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 PRESS RELEASE: SAFMH CONDEMNS ABUSE OF LEARNER WITH DISABILITY

18 September 2017

The SA Federation for Mental Health is very concerned by the video footage that emerged this morning, showing a learner with a mental disability being beaten and forced off a school bus by staff of the Adelaide Tambo School. Although we welcome the fact that the staff member responsible has allegedly been placed on suspension and charged with assault, the video highlights the mistreatment that many people with mental disabilities still face.

Persons with mental disabilities are often vulnerable to abuse and discrimination, and children with mental disabilities especially need our protection and care. The fact that adults who are entrusted with the care of vulnerable children would physically and verbally abuse them in this way is shocking and is a blatant violation of the learner’s human rights. The Life Esidimeni tragedy has been a lesson in what can happen if people with mental disabilities are not treated with dignity and respect, and it is unfortunate that even after Life Esidimeni we still see human rights violations like these take place.

SAFMH would like to call on all sectors of society to respect and uphold the rights of persons with mental disabilities, and to speak up if they see these rights being violated in any way. We also call on Government to ensure that teachers and care workers who work with children with mental disabilities receive the training and support needed to enable them to provide these children with the proper care. Members of the public are encouraged to report any cases of human rights violations to the SAFMH Mental Health Watch Reporting System:

Email: This email address is being protected from spambots. You need JavaScript enabled to view it.

Tel: 011 781 1852

Sms/whatsapp: 076 0788 722

Online: www.safmh.org

 FOR ENQUIRIES INFORMATION PLEASE CONTACT:

Marthé Kotze

Programme Manager: Information & Awareness

SA Federation for Mental Health

This email address is being protected from spambots. You need JavaScript enabled to view it.

 

PRESS RELEASE: SAFMH LAUNCHES MY MENTAL HEALTH.ORG YOUTH WEBSITE

Every year, the 10th of September is dedicated to World Suicide Prevention Day. This year, the SA Federation for Mental Health is commemorating the day by announcing the launch of My Mental Health.org, a new youth focused website aimed at supporting the mental health of South African youth. (www.my-mh.org)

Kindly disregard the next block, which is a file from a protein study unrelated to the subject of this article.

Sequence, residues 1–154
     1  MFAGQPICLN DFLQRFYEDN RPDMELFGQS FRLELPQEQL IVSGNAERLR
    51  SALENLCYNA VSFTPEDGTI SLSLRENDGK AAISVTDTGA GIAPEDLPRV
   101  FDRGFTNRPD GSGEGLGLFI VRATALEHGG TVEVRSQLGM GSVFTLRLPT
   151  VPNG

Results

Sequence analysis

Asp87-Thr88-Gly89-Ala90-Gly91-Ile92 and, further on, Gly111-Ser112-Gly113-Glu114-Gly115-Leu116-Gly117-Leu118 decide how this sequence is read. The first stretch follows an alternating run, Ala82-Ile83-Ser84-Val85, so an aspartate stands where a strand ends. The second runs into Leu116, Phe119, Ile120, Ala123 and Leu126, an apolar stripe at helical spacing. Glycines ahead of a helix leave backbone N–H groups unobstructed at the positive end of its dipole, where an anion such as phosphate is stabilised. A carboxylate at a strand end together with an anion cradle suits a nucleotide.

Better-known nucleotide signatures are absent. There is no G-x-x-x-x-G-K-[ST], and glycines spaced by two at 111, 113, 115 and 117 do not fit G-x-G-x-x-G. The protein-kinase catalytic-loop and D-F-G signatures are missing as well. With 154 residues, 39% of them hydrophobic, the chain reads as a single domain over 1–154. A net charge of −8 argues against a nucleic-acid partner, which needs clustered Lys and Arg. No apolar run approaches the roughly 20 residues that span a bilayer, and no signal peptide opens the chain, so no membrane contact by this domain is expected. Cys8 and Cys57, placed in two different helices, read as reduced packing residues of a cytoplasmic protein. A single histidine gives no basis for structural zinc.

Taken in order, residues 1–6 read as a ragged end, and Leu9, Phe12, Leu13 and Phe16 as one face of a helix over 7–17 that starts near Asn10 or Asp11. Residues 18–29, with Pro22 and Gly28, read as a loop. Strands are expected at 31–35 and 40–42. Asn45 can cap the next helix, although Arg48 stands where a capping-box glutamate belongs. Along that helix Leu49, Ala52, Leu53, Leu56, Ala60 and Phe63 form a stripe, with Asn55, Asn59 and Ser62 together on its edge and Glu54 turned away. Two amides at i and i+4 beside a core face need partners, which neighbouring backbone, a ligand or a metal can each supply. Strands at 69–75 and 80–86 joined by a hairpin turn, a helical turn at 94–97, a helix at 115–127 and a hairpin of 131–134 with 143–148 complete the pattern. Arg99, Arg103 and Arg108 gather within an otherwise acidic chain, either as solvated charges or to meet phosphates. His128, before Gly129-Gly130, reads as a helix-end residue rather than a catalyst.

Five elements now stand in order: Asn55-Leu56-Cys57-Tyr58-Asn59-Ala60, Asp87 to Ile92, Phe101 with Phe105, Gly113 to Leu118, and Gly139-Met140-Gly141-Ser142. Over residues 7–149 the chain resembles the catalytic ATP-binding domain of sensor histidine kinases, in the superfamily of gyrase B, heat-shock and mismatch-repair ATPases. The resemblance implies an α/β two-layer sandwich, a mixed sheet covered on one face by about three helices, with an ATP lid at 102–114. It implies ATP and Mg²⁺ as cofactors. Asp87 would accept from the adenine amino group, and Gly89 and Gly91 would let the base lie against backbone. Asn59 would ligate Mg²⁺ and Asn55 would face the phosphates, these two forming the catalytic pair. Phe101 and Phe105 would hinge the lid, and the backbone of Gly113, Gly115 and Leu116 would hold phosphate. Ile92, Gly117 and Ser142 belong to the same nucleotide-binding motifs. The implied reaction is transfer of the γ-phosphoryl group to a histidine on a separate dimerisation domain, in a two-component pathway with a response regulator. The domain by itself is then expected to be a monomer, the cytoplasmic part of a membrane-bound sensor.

According to the World Health Organisation, suicide is the second leading cause of death worldwide among 15–29-year-olds. In South Africa, studies have shown that 9.5% of non-natural deaths in young people are as a result of suicide. Research by Professor Lourens Schlebush of the University of KwaZulu-Natal have also found that in South African youth most suicides occur in the 15-19 year age group, followed by the 10-14 year age group.

Suicide itself is not a mental disorder, but one of the most important causes of suicide is often mental illness – such as depression, bipolar disorder, schizophrenia, borderline personality disorder or substance use disorders.

South Africa’s youth are currently growing up in very difficult social and economic circumstances. Recent findings from Statistics South Africa show that over three million young South Africans between the ages of 15 and 24 are currently unemployed, and many young South African’s are exposed to violent crime and domestic abuse on a daily basis. All of this has a negative impact on the mental health and wellbeing of young people, and impacts on their ability to function at school, in the workplace, and to have healthy and happy personal relationships.

My Mental Health.org has been created to provide South African youth with an accessible online resource that can educate and empower them in terms of mental health and wellbeing. The website provides articles, factsheets and infographics on topics such as depression, anxiety, self-harm, suicide, substance abuse and exam stress, and the information will constantly be updated and added to in an effort to make it as relevant and helpful to young people as possible. It will also provide a portal through which young people can engage with SAFMH, ask questions, seek support and gather more information on mental health as and when they require it. SAFMH hopes that this online informational tool will be useful and helpful to South African youth, and that it will assist them in taking care of their mental health.

 

FOR ENQUIRIES INFORMATION PLEASE CONTACT:

Marthé Kotze

Programme Manager: Information & Awareness

SA Federation for Mental Health

This email address is being protected from spambots. You need JavaScript enabled to view it.

SAFMH invites all interested parties to the Annual General Meeting, taking place on the 13th of September 2017.

The SA Federation for Mental Health hosted the I Decide=I Am travelling art exhibition from the 17th to the 27th of July at our Randburg offices.

PRESS RELEASE: CALL FOR GOVERNMENT TO PRIORITISE MENTAL HEALTH SERVICES

31 July 2017 - July Psychosocial Disability Awareness Month

As Psychosocial Disability Awareness Month draws to an end, the SA Federation for Mental Health wants to reiterate our call for the upscaling and integration of community mental healthcare services across South Africa. Throughout the month of July SAFMH, as well as our Mental Health Societies across the country, advocated for existing community mental health services to be upscaled and to receive increased support, as well as for mental health services to be integrated into existing health systems, thereby maximising reach and minimising costs. It is important however that advocacy for this important cause does not stop at the end of this awareness month, but that it continues until mental health is treated as a priority by Government and other stakeholders in the health sector.

A recent report released by the South African Society for Psychiatrists (SASOP) on the state of care in the various provinces highlighted once again the poor state of mental healthcare currently available to mental healthcare users.